Of all the breathtaking states in America, Utah is surely one of the finest. The name Utah comes from a Native American word meaning "people of the mountains" and a look out of any window in this state ensures the viewer that it is an apt name. With peaks that are, on average, the tallest in the country it is no surprise that Utah's state government has high standards of care for its elderly citizens. The University of Utah Healthcare Systems is one such fine example of exemplary standards of care. The University Hospital serves Utahns and the citizens of neighboring states by providing excellent care, teaching facilities and research centers for the entire nation.
Nursing homes in Utah Defined
Nursing homes in Utah are not to be confused with assisted living facilities. Seniors and their family members often find the different terminology they come across while looking for care options to be confusing. Assisted living facilities are not intended for senior citizens that need 24 hour supervision or who require medical attention on a daily basis. Nursing homes are specifically dedicated to caring for the needs of elderly residents who can no longer care for themselves and require a continuity of care that is impractical or impossible for them to receive at home. Nursing homes are staffed with medical personnel, such as board certified physicians, mental health professionals and registered nurses. Some nursing homes also provided dedicated care for senior citizens suffering from memory disorders. The level of care that a nursing home offers is specifically tailored to the needs of elderly persons who cannot care for themselves and require medical attention on a 24 hour basis.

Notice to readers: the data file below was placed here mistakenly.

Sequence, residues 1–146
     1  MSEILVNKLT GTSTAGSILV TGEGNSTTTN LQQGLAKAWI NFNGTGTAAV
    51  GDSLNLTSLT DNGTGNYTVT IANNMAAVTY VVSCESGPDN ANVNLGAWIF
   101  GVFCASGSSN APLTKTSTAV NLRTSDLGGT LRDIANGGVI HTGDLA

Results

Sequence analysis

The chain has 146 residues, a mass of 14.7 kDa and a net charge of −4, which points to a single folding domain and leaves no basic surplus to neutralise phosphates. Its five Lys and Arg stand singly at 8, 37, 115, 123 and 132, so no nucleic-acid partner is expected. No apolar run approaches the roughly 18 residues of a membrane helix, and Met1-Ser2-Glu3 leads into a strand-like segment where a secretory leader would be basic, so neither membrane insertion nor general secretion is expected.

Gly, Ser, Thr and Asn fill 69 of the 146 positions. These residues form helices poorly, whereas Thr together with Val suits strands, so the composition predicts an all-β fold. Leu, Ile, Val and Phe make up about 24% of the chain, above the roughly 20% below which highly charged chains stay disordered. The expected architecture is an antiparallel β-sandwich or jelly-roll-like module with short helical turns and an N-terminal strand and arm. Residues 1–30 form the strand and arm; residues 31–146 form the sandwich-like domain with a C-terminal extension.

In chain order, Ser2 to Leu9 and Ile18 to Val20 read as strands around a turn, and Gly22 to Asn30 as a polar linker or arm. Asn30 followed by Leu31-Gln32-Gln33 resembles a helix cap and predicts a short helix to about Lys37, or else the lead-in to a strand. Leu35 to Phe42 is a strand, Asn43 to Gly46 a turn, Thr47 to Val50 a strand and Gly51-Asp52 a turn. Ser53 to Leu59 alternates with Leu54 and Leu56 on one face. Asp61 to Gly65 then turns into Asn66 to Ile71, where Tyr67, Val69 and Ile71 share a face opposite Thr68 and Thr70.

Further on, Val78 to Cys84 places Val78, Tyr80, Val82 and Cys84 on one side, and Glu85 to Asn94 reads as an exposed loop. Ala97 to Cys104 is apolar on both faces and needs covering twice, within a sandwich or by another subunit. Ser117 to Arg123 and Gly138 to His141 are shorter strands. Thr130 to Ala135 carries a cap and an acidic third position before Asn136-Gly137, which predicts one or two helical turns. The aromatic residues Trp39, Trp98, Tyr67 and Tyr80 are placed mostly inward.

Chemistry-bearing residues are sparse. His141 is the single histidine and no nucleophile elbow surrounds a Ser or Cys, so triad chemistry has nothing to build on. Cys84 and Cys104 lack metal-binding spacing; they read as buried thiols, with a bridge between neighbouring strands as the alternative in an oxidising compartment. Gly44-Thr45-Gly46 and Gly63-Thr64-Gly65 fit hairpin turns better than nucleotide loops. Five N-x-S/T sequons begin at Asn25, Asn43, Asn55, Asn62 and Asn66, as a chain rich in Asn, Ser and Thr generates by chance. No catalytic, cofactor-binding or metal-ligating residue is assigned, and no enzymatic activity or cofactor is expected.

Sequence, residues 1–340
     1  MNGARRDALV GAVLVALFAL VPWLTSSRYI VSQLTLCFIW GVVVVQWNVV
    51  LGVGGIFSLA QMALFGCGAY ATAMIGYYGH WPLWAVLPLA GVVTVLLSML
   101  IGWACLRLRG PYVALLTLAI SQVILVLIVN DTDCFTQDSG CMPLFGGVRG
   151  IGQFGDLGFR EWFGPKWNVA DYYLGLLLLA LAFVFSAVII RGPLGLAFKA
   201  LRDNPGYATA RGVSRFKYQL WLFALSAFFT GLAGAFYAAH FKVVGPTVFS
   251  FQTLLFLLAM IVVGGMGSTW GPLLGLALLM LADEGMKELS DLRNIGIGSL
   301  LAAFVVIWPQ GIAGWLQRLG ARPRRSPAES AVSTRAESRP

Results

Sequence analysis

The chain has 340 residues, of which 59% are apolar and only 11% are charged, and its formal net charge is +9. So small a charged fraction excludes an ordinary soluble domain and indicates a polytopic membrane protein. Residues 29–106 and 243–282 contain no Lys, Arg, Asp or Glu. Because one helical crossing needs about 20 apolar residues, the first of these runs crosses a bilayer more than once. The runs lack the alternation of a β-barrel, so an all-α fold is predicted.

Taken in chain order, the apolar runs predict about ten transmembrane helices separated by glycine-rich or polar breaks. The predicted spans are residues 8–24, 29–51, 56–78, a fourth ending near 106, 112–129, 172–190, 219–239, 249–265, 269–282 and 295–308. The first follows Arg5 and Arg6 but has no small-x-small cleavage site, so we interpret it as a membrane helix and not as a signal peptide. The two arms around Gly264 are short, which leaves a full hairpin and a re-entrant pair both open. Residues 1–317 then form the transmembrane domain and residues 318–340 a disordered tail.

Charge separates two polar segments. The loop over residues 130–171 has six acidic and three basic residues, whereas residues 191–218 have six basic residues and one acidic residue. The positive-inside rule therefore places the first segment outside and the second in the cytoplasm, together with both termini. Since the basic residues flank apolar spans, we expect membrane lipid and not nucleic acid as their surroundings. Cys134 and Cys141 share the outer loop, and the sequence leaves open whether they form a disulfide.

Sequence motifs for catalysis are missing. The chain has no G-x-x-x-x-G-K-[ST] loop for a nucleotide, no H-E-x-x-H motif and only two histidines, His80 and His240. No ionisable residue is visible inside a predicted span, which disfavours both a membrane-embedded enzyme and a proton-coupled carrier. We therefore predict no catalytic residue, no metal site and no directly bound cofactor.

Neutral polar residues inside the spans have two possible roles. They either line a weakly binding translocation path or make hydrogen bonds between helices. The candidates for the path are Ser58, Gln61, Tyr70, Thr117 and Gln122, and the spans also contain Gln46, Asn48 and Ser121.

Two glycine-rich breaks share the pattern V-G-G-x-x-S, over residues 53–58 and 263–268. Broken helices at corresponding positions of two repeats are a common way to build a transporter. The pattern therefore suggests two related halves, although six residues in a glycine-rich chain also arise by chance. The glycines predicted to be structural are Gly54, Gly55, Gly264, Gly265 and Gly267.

Regulation of Utah Nursing Homes
The state of Utah regulates their nursing home and long-term care facilities through the Department of Health. Within that organization the Health Facility Licensing, Certification and Resident Assessment Bureau has been designed by the DOH as part of the Division of Health Systems Improvement to monitor and regulate nursing homes in cooperation with CMS (Centers for Medicaid and Medicare Services).
The Bureau has many responsibilities related to monitoring nursing home facilities, including licensing the facility and administrators and regularly inspecting these facilities to ensure compliance with state and federal regulations. Furthermore, the Bureau is responsible for developing and revising state regulations to provide a higher quality of care for residents in Utah nursing homes. The bureau is also responsible for investigating any complaints made about a facility or administrator and is required by law to conduct follow up inspections to verify that any complaints have been resolved. All inspections and monitoring done by the Bureau shall enforce the rules for nursing homes as outlined in the document R432-150, available to the public atwww.rules.utah.gov/publicat/code/r432/r432-150.htm. Any administrator of a nursing home in Utah must be licensed as a health facility administrator by the Utah DOC (Department of Commerce) as proscribed by Title 58, Chapter 15.
Cost of Utah Nursing Homes
The cost of long-term care in a nursing home is always a foremost concern among seniors and their family members. The cost varies greatly based on the size and location of the facility, the type of services the nursing home offers, what services the resident needs and wants, whether or not the resident shares a room or is in a private room and what level of care the resident needs. Medicaid and Medicare reimbursement are available for facilities certified for receive federal reimbursement for care. Information about the Medicaid program can be found at the following address: http://www.health.utah.gov/medicaid/provhtml/nursing_home.html.
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